ANNAPOLIS — Two Maryland teenagers who are newcomers to national competition, and one veteran national titleholder from Hagerstown were honored by the Maryland Horse Industry Board with Touch of Class Awards for earning national titles in jousting, the official state sport of Maryland.
The awards were presented at St. Margaret’s Church Joust in Annapolis. Of the four national jousting titles, three are held by Marylanders.
Corey Minnick, 30, of Hagerstown won his third national title in the professional division; Mikayla Miller, 13, of St. Leonard (Calvert County) won the national title in the amateur division; and Anthony Reinhold, 17, of Denton (Caroline County) won his title in the novice division.
Minnick, 30, a veteran titleholder, won his third national title in the professional division at the sport’s national competition in Aldie, Va., on his horse, Tana, a tri-color Tennessee Walker gelding. It is not uncommon for up to 10 members of Minnick’s family to compete at one of the 20 or so jousting competitions held throughout the state each year. Minnick’s two young children, Noah and Rachel, also compete.
Miller, 13, started jousting at a local riding stable four years ago and won the national title in the amateur division. She is an upcoming freshman at Calvert High School. Her mount, Tike, is an Appendix quarter horse owned by Tynewydd Riding Stable in St. Leonard.
Reinhold, 17, won his title in the national novice division in only his second year of jousting. A high school athlete who excels at baseball, Reinhold won his title on a horse borrowed from friends. He will enter Chesapeake College as a freshman this fall and is a graduate of North Caroline High School. His grandfather, Buddy Wooters, won five national championships.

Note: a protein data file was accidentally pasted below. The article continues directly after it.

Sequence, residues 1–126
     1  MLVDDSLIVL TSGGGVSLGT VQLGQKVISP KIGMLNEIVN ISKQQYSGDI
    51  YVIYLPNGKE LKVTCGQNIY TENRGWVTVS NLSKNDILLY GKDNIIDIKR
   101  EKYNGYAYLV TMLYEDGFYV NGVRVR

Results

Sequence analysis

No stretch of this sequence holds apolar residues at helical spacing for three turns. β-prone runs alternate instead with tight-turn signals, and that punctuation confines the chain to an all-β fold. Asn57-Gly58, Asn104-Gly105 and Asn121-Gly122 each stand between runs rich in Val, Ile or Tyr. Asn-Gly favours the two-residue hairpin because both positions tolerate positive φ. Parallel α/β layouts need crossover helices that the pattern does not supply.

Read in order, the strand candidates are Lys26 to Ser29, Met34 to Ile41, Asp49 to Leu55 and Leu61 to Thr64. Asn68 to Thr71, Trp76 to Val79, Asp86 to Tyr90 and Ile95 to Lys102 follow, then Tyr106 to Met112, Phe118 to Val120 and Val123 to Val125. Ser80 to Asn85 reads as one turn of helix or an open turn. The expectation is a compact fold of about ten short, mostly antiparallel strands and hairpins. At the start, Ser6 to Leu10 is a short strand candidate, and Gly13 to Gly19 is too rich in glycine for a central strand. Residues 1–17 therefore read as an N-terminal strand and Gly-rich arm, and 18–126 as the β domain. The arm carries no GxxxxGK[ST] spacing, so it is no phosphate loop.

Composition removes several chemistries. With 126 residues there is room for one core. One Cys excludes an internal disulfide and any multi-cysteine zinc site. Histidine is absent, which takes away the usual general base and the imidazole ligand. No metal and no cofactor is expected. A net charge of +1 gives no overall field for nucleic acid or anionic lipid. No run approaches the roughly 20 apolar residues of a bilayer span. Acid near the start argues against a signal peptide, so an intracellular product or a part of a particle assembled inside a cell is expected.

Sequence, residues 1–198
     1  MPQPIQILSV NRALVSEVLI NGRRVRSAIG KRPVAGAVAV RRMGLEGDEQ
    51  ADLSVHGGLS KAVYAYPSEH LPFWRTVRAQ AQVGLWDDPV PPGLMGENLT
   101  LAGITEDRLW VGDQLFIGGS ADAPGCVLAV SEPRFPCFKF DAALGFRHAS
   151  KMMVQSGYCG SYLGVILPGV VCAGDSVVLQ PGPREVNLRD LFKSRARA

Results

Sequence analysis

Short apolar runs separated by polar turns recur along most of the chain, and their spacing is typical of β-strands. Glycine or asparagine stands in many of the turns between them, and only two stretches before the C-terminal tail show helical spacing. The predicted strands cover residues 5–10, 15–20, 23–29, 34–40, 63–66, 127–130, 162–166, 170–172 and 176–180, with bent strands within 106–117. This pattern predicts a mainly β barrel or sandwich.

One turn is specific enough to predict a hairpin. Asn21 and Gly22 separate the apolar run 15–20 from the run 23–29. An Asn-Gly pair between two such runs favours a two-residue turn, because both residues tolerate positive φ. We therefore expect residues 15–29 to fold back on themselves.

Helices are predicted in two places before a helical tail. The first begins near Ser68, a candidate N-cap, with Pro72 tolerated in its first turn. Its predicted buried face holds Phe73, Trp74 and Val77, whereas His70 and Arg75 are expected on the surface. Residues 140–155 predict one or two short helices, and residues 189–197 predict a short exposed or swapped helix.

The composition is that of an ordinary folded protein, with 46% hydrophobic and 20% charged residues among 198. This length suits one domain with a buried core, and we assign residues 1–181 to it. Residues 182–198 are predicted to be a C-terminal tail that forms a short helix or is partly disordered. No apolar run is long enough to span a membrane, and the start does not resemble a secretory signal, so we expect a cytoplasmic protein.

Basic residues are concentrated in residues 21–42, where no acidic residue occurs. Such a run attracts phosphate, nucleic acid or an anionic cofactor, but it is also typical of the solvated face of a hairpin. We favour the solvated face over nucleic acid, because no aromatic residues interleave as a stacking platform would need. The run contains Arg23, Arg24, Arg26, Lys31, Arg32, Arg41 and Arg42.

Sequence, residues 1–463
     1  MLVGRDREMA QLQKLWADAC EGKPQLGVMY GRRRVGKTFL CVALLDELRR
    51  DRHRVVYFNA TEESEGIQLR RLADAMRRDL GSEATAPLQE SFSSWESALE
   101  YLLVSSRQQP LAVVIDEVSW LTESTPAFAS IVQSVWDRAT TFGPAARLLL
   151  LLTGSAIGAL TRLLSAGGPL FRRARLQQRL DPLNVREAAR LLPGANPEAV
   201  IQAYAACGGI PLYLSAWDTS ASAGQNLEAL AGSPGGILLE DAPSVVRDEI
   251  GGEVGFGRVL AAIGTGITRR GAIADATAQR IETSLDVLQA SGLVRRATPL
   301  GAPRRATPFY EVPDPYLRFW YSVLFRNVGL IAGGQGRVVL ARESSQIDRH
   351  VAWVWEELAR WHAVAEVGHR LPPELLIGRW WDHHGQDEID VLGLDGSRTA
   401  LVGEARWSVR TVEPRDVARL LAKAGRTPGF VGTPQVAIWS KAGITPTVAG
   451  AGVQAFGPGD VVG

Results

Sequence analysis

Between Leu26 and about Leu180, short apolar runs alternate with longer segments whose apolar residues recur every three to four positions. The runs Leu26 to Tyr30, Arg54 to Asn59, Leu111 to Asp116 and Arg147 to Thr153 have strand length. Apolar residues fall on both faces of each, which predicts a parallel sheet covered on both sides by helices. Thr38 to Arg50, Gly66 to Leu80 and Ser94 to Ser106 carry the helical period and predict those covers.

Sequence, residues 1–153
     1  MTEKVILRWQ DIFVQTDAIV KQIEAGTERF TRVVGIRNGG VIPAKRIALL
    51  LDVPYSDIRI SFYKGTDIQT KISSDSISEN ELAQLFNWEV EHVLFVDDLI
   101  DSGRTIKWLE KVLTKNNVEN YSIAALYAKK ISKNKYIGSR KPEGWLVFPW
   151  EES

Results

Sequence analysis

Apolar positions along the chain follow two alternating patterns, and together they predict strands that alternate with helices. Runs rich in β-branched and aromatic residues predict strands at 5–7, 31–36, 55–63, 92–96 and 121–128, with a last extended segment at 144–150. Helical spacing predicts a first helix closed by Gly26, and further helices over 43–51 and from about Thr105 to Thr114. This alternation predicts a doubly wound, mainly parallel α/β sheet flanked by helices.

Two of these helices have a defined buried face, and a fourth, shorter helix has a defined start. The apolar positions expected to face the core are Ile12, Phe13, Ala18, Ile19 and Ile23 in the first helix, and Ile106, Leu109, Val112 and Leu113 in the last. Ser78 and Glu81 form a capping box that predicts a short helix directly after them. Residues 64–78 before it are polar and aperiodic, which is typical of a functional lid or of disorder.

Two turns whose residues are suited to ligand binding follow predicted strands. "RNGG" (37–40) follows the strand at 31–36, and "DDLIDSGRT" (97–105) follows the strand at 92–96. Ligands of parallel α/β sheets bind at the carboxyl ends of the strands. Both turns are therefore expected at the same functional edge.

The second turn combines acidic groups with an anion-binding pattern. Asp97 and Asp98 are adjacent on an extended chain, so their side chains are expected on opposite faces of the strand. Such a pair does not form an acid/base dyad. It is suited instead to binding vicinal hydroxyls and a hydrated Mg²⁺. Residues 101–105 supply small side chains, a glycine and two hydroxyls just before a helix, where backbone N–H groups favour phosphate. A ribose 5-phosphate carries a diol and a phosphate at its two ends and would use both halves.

Jousting originated in ancient times with knights participating in combative rivalries. In modern jousting, riders have nine seconds to run through an 80-yard course and spear rings hanging from a series of three arches. The rider who spears the most rings wins. The size of the ring depends on the level of competition and gets down to only one-quarter of an inch at the professional level. The highest level of competition is professional, followed by semiprofessional, amateur, novice and for beginners, leadline.
The Maryland Horse Industry Board inaugurated the Touch of Class Awards in September 2011, to honor the horses and riders who have achieved national and international prominence. The award is named in honor of the Maryland-bred mare, Touch of Class, who won two Olympic gold medals at the 1984 Games in Los Angeles. For a complete list of winners, go to www.mda.maryland.gov/pdf/TOC_Winners_To_Date.pdf.
For more information about jousting, call Jim Drews, president of the Maryland Jousting Tournament Association, at 410-739-2790, send an email to email@example.com or go to www.marylandjousting.com.
For more information about the horse board or Touch of Class Award, call Ross Peddicord, executive director of the Maryland Horse Industry Board, at 410-841-5798 or send an email to firstname.lastname@example.org.